1. Much Ado About Nothing clearly shows the attitude of the Elizabethans towards women and ...

    shows that in theory he wants to better himself, as he is just a Signor so he has no title but in reality he later proposes to Beatrice who has little wealth. The men in the play are often making sexual innuendoes and this is acceptable because men do not

  2. Act 4 Scene 1 is often considered a key scene in 'Much Ado About ...

    Benedick does not accept this, but promises to have a duel against him. The love between Hero and Claudio is tested greatly because of deception on both of them, yet they do not know it. Claudio truly believes that what he saw the night before was Hero and does not deny it.

  1. Much Ado About Nothing - Elizabethan Women

    Her relationship towards Benedick has been described as "...a kind of merry war... they never meet but there's a skirmish of wit between them" (1.1.51-53). She is dismissive of talk of marriage and men. In act 2, scene 1, Beatrice declares, "He that hath a beard is more than a

  2. Much Ado About Nothing - the relationships between men and women.

    Nobody can believe how horrible they were to her, as they were didn't know what had happened. Claudio is then encouraged to marry the made-up daughter of one of the other characters in the play- the daughter is Hero, but because she is wearing a veil, only those behind the idea of making her play dead know it is her.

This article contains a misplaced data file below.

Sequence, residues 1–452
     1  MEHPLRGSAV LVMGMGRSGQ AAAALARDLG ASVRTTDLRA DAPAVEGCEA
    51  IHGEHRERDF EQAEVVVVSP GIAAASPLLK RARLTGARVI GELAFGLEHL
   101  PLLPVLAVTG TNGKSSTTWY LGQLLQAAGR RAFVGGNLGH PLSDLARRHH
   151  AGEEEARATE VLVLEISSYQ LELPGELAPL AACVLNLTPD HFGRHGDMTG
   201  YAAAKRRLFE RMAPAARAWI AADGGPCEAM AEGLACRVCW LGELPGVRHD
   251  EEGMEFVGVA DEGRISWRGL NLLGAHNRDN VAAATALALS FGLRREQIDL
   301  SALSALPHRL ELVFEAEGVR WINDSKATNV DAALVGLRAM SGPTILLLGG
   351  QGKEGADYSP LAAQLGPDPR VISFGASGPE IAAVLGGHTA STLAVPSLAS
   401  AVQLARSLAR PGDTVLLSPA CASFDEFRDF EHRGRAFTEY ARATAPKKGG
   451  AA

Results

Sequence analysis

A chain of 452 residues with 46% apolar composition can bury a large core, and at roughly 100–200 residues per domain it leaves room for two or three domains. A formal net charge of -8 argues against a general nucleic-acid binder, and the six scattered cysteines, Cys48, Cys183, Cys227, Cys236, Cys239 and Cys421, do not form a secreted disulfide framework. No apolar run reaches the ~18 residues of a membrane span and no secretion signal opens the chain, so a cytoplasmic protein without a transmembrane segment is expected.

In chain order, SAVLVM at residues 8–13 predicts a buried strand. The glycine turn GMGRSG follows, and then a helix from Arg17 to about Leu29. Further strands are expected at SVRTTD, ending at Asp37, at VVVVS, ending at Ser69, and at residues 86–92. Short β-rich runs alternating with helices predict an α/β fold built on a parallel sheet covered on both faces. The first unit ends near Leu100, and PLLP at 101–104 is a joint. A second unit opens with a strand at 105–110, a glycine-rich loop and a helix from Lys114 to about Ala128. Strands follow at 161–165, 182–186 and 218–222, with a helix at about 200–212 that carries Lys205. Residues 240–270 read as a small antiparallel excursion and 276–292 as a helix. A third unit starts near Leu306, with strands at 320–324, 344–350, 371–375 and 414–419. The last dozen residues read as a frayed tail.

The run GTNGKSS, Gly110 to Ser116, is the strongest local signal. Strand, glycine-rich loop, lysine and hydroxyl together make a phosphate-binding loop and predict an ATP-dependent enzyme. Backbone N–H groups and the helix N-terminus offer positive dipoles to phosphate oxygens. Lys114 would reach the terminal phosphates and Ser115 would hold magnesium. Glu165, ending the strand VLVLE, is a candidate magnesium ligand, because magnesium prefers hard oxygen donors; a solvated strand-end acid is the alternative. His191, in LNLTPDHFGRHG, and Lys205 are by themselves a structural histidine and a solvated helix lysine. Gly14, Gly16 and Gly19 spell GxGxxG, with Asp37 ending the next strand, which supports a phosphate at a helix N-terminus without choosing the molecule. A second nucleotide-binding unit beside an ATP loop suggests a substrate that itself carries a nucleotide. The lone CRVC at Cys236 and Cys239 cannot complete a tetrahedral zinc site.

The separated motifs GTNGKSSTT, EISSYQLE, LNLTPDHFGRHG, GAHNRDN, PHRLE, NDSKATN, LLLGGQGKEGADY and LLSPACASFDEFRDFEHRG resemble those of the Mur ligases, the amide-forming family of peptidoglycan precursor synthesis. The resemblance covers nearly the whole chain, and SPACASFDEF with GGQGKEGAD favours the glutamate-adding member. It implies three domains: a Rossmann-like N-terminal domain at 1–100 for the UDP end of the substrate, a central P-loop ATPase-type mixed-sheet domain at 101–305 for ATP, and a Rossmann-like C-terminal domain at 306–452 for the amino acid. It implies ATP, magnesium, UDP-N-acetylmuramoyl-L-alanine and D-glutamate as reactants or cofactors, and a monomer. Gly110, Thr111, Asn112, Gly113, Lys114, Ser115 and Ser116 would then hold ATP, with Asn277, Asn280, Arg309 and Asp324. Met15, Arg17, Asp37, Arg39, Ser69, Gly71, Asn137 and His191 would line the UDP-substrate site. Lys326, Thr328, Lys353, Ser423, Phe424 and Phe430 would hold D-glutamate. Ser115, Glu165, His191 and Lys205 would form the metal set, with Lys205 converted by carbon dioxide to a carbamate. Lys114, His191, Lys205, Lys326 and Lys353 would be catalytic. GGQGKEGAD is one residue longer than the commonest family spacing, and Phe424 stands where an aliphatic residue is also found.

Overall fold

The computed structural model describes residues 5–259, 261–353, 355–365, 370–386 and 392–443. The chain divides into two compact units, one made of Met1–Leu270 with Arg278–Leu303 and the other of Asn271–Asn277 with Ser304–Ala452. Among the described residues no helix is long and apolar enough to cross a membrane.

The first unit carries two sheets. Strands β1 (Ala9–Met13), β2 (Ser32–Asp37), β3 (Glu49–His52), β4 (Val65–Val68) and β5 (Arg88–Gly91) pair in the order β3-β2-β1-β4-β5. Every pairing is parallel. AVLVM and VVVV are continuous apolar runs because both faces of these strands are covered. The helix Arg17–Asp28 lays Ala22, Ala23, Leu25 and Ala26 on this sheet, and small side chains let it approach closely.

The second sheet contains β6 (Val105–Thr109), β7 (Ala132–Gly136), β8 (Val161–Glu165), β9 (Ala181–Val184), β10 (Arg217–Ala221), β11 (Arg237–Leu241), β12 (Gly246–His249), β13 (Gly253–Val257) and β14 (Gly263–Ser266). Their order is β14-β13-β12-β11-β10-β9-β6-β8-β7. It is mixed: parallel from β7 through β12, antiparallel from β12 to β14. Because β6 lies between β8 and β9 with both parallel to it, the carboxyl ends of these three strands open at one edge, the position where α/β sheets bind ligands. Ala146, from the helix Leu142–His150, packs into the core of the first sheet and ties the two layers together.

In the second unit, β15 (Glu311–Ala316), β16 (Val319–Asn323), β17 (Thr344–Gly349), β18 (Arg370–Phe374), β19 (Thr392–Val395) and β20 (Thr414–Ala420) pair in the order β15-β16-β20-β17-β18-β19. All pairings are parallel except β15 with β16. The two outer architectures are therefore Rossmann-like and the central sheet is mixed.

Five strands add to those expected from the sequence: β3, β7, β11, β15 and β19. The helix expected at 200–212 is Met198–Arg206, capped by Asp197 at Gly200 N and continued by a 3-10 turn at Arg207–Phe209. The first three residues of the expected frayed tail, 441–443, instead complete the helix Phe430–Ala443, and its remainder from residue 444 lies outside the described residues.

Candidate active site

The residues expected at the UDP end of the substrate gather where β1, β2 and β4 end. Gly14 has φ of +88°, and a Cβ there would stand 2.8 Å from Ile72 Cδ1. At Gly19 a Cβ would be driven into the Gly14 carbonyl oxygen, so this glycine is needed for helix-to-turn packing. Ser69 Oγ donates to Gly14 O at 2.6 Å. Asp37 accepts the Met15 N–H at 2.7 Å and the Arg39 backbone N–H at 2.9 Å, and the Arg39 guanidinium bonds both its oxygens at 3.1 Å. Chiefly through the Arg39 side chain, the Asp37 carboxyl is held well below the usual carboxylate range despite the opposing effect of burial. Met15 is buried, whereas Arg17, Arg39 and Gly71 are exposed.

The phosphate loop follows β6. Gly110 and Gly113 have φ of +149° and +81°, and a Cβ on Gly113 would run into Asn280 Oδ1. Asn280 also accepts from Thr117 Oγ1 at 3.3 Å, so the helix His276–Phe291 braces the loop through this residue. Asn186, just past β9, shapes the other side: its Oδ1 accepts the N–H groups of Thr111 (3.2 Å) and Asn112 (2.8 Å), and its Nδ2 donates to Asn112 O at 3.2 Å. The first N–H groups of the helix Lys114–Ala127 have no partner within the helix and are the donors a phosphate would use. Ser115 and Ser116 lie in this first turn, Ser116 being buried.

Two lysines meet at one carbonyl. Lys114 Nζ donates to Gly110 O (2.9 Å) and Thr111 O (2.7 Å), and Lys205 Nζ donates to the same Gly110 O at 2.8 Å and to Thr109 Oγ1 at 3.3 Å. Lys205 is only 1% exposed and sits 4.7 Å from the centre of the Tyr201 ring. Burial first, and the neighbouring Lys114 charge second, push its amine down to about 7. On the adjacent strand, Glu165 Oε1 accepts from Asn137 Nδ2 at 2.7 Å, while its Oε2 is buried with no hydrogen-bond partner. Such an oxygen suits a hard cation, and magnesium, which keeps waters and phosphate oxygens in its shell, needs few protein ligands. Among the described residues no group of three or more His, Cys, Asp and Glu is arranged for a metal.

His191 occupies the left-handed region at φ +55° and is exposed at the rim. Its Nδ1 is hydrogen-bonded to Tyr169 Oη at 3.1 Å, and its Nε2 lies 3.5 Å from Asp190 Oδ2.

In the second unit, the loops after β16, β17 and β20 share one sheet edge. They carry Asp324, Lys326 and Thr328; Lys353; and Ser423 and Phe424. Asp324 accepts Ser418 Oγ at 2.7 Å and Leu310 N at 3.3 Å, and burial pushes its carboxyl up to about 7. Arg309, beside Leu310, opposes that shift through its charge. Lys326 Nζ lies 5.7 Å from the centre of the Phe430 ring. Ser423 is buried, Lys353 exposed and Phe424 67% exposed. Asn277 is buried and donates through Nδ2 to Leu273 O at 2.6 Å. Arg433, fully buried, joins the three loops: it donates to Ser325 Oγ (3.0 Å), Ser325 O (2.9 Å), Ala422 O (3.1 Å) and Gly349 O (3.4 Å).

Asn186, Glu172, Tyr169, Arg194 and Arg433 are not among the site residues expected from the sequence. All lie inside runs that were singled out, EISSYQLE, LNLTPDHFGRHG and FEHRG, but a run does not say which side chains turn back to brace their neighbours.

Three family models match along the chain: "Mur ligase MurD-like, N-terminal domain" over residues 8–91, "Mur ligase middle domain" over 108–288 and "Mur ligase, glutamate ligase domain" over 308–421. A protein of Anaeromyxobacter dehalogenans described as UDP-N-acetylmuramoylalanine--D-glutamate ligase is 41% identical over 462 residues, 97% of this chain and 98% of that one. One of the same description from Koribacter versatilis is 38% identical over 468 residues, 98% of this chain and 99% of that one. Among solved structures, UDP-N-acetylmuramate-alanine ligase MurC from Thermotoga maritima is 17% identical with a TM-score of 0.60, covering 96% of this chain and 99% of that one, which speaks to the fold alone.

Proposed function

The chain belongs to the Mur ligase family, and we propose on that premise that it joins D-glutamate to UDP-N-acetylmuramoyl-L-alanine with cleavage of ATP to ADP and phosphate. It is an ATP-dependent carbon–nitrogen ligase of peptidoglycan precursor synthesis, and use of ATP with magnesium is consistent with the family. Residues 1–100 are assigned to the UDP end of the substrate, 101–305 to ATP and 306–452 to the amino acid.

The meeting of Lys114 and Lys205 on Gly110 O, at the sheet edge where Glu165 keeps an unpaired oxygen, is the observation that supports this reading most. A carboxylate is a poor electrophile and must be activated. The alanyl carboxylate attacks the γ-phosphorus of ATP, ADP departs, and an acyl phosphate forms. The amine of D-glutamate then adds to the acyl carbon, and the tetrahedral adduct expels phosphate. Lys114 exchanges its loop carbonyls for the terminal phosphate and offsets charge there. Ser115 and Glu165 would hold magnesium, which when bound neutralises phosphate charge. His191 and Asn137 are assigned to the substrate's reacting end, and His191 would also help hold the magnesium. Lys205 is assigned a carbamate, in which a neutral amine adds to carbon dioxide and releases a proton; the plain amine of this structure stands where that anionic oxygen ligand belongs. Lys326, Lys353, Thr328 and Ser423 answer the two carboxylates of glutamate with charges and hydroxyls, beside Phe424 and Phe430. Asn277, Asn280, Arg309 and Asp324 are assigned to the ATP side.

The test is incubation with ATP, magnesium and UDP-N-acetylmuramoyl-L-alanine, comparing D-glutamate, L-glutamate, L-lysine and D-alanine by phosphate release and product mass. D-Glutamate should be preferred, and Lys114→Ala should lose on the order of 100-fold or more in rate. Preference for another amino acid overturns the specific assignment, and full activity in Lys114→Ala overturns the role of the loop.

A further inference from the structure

1. How does Shakespeare present the relationship of Beatrice and Benedick in "Much Ado About ...

    This suggests that maybe he wanted to hear this for quite some time. In the film, he even falls off his deckchair with shock, which is funny. Beatrice is portrayed as a helpless victim. Claudio says that "down upon her knees she falls, weeps, sobs, beats her heart, tears her hair, prays, curses, Oh sweet Benedick, God give me patience".

  2. How Does Shakespeare present the relationship between men and women in his play 'Much ...

    of marriage by asking Claudio if he has any "intent to turn husband," Shakespeare also uses euphuism as Benedick exaggeratedly says that "fire cannot melt" his heart out of him. He voices his scorn by saying he will never be cuckolded by any woman and will "live a bachelor," but perhaps he "doth protest too much"?

  • Over 160,000 pieces
    of student written work
  • Annotated by
    experienced teachers
  • Ideas and feedback to
    improve your own work